The European Commission proposes to consider sustainable energies nuclear and gas

The European Commission has proposed that investments in nuclear energy and natural gas be considered sustainable in the ecological transition, as it has assured this Saturday, after announcing that it has already begun consultations in this regard with EU countries and experts from the Platform of Sustainable Finance.

“Taking into account scientific advice and current technological progress, as well as the different challenges towards the transition between Member States, the Commission considers that there is a role for natural gas and nuclear as a means to facilitate the transition towards a future based predominantly in renewables “, has assured the Community Executive.

Brussels intends to approve the delegated act this January after consulting with European governments and experts. But, to enter into force, the proposal will have to receive the approval of the European Parliament and the Council of the EU.

The Community Executive has been delaying the proposal in recent weeks and it was not until the middle of last week, in its last meeting prior to the Christmas break, when it held a debate on the so-called “taxonomy.”

In its proposal, the Commission has proposed that investments in nuclear power plants that receive a construction permit before 2045 receive the green label and that natural gas be considered sustainable as long as it comes from renewable energies or has low emissions in 2035.

The decision comes just as Germany enters a key phase of the energy transition with the blackout this Friday of three nuclear power plants – there are only three more to be closed in 2022 – and the challenge of promoting the use of renewables . “The abandonment of atomic energy is irreversible”, assured the German Minister of the Environment, Steffi Lemke.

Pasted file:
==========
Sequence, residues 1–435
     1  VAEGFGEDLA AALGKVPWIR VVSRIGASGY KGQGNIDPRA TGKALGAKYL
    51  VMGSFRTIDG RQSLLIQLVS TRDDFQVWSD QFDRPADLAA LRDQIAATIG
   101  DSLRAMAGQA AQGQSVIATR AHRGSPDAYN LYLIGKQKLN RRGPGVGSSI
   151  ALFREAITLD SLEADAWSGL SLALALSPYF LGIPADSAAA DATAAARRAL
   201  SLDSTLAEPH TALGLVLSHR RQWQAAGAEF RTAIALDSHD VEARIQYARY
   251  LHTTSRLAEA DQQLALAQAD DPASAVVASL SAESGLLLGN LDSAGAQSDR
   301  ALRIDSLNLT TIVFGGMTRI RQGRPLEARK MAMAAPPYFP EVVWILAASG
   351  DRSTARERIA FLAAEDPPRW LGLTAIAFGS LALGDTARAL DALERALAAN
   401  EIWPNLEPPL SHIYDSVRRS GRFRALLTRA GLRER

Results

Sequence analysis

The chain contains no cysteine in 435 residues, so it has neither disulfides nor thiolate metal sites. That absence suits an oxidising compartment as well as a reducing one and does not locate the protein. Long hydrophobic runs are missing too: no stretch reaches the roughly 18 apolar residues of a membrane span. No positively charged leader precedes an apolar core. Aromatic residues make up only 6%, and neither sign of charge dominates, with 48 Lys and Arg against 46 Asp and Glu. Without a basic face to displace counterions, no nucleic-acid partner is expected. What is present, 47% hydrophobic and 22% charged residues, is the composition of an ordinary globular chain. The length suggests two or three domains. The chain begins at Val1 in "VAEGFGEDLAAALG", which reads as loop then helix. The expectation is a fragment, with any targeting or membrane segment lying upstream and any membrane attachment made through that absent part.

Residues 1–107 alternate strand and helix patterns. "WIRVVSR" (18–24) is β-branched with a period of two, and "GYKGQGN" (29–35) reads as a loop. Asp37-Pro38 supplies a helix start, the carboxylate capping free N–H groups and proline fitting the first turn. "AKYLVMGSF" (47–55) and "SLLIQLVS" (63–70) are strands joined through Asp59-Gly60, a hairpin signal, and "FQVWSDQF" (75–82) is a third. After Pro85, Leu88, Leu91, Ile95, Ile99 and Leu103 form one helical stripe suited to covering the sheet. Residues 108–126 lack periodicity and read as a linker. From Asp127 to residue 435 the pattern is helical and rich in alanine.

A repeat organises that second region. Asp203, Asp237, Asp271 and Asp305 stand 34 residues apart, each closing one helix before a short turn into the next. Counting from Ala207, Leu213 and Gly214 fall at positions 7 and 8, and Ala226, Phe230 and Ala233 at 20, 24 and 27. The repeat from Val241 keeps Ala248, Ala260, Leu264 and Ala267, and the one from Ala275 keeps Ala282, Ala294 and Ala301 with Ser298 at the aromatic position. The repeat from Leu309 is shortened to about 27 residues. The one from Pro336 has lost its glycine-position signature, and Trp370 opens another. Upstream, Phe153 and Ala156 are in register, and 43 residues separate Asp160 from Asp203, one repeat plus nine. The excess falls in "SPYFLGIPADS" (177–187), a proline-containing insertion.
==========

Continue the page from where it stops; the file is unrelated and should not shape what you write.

Thus, the Member States are divided on the role that nuclear energy and natural gas should play in the transition towards climate neutrality that Brussels wants to achieve in 2050.

France, for its part, leads the group of countries that want nuclear energy to be considered sustainable. Spain, however, opposes that investments in either of the two sources in contention be classified as sustainable investments. Member States and experts from the Sustainable Finance Platform will have until 12 January to send their contributions to Brussels.

Afterwards, the text must be approved by a simple majority in the European Parliament and by a qualified majority in the Council, that is, it must be approved by at least 20 EU countries and representing 65% of the EU population.

Source: – by

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